16 Sep Drones to help prepare and recover from natural disasters as part of Queensland trial
A trial investigating the use of drones during natural disasters is about to be launched in Queensland.
The five-month project by Local Government Infrastructure Services will investigate how unmanned aerial vehicles can be used by Queensland councils to prepare for and recover from cyclones, storms, floods and fires.
In an Australian-first, the trial also will investigate if the drones can be safely flown beyond the pilot’s line of sight.
Under current regulations, pilots must be able to see their drones at all times, unless granted an exemption by the Civil Aviation Safety Authority.
Local Government Association of Queensland’s chief executive Greg Hallam said it would mean drones could be flown greater distances, to places obscured by buildings or trees, and through smoke.
“This technology is game-changing,” he said.
“This is about improving people’s lives in Queensland wherever they live; it’s about saving lives in some instances.”
Project coordinator Carrie Hillier hoped to establish if councils could safely use drones for the upcoming storm season.
She said while it was well known drones could be very useful in disasters, not being able to fly them beyond the pilot’s line was sight was a major limitation to fully utilising their potential.
“The regulation isn’t quite there yet in regards to operating the drone beyond vision line of sight, although that would be more efficient in a disaster environment,” she said.
“So that’s why this is different because we’re going to be looking at that beyond visual line of sight, but also looking at how we can explore different technology options and different system options that would control the movements of drones so they don’t collide with each other.”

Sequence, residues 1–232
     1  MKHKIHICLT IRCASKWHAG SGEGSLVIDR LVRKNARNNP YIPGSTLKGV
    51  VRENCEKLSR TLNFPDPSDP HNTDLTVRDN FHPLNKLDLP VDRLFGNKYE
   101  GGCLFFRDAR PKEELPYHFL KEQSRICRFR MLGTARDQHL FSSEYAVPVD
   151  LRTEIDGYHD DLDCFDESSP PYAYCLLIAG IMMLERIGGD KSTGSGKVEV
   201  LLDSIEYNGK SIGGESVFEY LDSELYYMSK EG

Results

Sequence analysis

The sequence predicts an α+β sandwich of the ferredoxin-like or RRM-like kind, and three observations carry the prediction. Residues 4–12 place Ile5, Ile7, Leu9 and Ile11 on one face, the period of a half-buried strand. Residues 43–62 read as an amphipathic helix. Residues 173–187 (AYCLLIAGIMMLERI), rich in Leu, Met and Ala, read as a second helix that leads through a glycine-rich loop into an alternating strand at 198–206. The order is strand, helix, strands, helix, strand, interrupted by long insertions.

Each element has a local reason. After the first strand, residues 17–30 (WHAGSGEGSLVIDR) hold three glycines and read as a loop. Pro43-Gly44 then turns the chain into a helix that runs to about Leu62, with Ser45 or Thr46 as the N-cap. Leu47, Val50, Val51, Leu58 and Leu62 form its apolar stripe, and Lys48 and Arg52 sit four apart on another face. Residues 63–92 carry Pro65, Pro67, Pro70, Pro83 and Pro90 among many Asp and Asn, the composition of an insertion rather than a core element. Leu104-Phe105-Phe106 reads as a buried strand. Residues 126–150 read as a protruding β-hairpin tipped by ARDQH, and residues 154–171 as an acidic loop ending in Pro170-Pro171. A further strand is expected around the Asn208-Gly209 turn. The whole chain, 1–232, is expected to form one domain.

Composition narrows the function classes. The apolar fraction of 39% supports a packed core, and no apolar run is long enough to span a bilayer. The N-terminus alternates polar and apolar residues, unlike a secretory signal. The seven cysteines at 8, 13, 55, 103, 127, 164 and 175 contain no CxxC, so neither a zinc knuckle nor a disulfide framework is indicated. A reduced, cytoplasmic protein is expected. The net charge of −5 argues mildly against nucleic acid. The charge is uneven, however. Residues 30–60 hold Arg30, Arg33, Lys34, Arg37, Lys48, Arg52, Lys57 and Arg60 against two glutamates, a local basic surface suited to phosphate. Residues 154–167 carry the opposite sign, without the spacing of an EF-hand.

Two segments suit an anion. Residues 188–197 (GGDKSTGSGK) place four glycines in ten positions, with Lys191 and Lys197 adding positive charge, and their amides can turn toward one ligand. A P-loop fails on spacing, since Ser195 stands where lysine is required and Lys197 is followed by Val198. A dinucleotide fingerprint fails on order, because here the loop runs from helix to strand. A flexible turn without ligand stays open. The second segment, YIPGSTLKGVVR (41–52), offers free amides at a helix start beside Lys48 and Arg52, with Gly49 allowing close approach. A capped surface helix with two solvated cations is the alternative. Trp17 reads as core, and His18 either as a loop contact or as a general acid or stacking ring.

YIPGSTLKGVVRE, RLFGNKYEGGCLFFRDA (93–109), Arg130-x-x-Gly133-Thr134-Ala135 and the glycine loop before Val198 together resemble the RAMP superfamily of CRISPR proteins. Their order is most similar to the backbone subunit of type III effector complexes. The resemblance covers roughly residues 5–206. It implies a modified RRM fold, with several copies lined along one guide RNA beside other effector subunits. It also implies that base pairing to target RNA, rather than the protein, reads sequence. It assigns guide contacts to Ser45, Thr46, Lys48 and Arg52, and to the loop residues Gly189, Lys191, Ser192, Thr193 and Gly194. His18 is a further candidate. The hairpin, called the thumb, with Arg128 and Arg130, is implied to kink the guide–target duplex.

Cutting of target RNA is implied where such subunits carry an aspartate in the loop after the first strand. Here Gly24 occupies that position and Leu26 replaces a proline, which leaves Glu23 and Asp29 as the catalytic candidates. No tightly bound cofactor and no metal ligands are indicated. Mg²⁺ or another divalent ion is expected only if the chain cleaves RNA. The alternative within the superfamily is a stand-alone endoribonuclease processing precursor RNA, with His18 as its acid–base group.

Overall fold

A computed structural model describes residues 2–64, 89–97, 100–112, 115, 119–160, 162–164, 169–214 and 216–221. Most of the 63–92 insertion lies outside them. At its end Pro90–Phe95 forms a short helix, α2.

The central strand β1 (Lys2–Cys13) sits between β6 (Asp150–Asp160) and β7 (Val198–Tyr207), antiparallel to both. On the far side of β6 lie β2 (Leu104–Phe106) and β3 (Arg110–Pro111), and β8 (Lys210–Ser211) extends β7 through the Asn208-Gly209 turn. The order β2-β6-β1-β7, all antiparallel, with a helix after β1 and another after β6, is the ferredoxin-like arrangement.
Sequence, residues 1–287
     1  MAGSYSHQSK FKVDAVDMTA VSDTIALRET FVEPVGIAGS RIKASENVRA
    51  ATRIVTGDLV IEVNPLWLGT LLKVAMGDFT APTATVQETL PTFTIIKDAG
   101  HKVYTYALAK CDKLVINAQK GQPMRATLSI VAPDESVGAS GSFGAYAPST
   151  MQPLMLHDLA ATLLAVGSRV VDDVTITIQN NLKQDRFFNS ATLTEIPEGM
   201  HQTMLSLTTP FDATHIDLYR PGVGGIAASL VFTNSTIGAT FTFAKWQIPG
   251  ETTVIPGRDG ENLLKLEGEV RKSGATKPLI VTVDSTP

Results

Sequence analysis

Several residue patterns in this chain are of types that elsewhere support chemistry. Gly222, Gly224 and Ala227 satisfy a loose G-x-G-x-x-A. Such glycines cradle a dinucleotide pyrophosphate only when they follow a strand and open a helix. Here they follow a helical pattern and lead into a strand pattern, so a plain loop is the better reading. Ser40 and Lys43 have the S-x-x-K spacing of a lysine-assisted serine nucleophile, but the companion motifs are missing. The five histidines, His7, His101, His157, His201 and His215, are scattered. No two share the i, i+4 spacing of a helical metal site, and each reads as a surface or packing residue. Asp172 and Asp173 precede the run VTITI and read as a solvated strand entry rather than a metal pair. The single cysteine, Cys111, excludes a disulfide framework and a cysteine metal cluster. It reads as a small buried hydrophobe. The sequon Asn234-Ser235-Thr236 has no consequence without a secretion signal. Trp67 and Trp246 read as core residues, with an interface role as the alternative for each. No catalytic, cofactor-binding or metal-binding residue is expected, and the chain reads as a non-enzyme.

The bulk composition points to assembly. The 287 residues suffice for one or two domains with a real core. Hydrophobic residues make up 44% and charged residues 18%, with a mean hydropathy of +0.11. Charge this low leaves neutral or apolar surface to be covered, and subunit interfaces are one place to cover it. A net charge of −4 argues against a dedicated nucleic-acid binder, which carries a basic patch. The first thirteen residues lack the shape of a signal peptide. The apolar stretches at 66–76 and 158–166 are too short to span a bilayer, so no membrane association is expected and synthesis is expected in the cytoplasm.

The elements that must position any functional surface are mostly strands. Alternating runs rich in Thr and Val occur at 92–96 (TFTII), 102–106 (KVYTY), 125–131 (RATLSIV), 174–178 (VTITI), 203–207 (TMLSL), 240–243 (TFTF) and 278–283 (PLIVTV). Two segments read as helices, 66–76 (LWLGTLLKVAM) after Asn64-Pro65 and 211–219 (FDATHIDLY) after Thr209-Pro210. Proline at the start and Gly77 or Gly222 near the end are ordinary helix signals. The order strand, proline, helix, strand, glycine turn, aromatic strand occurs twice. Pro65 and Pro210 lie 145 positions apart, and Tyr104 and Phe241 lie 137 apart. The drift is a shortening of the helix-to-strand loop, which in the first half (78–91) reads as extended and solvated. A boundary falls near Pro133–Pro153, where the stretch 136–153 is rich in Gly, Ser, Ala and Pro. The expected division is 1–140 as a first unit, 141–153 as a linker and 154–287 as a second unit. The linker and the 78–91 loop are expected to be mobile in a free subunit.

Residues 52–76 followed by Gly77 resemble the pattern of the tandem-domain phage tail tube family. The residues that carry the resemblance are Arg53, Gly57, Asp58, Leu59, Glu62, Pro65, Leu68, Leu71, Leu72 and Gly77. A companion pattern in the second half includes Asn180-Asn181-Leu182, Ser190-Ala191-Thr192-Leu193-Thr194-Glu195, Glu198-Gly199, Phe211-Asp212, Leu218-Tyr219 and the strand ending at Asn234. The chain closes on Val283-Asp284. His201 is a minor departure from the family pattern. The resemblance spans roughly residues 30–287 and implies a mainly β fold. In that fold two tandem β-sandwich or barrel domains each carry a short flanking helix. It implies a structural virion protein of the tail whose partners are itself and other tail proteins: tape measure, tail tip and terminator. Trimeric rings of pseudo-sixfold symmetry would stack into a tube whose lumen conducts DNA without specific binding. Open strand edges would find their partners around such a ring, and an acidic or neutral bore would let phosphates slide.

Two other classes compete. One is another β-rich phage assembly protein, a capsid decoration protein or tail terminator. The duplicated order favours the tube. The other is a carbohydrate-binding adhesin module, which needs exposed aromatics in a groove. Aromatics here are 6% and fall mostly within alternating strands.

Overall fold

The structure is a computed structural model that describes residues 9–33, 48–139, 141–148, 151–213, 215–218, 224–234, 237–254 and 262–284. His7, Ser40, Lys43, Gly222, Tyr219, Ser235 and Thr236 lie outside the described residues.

Trial to take place in south-east Queensland
The trial will use Little Ripper Lifesaver’s search and rescue drones, which can be used to drop supplies and equipment, and broadcast messages to people via a loudspeaker.
The company’s chief executive, Eddie Bennet, said they used advanced technology from the United States and China, and one could carry up to 30 kilograms.
“It’s got long-range cameras on it and the payloads are droppable into the water, so we’ve got automatic life-saving devices that inflate, we’ve got land-based pods that carry a defibrillator and medical kits,” he said.
“The whole intention behind this is to be able to fly for longer periods of time, longer distances, and the ability to provide life-saving capability.”
Mr Bennet said the drones could already be programmed to fly autonomously while mapping terrain and avoiding obstacles, and the trial would help develop safe systems to deploy them in disaster zones.
“Some of our aircraft are radar-based for terrain-following and also lidar for terrain-following as well and that helps us with avoiding obstacles,” he said.
“We also have fitted to it some technology out of the US which is just being introduced now which is basically a traffic-alerting system which allows these aircraft, these drones, to be identified by manned aircraft.”
The final trial site is yet to be determined, but it will be somewhere in south-east Queensland.
Field trials are expected to start in late October.
Carrie Hillier wants to see if drones can be safely used for the upcoming storm season.